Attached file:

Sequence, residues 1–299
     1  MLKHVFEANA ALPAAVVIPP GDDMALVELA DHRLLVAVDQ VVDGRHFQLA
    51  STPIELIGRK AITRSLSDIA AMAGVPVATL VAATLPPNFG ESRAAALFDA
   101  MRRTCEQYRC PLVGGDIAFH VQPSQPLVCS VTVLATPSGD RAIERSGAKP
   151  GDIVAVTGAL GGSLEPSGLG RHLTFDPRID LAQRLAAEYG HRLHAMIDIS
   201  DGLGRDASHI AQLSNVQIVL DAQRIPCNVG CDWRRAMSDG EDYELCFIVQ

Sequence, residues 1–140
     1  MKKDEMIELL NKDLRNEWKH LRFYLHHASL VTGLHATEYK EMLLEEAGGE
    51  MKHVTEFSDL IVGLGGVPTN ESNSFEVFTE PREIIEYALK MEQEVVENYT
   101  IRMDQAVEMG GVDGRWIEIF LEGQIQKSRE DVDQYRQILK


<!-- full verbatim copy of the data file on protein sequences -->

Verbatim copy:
Sequence, residues 1–299
     1  MLKHVFEANA ALPAAVVIPP GDDMALVELA DHRLLVAVDQ VVDGRHFQLA
    51  STPIELIGRK AITRSLSDIA AMAGVPVATL VAATLPPNFG ESRAAALFDA
   101  MRRTCEQYRC PLVGGDIAFH VQPSQPLVCS VTVLATPSGD RAIERSGAKP
   151  GDIVAVTGAL GGSLEPSGLG RHLTFDPRID LAQRLAAEYG HRLHAMIDIS
   201  DGLGRDASHI AQLSNVQIVL DAQRIPCNVG CDWRRAMSDG EDYELCFIVQ

Sequence, residues 1–140
     1  MKKDEMIELL NKDLRNEWKH LRFYLHHASL VTGLHATEYK EMLLEEAGGE
    51  MKHVTEFSDL IVGLGGVPTN ESNSFEVFTE PREIIEYALK MEQEVVENYT
   101  IRMDQAVEMG GVDGRWIEIF LEGQIQKSRE DVDQYRQILK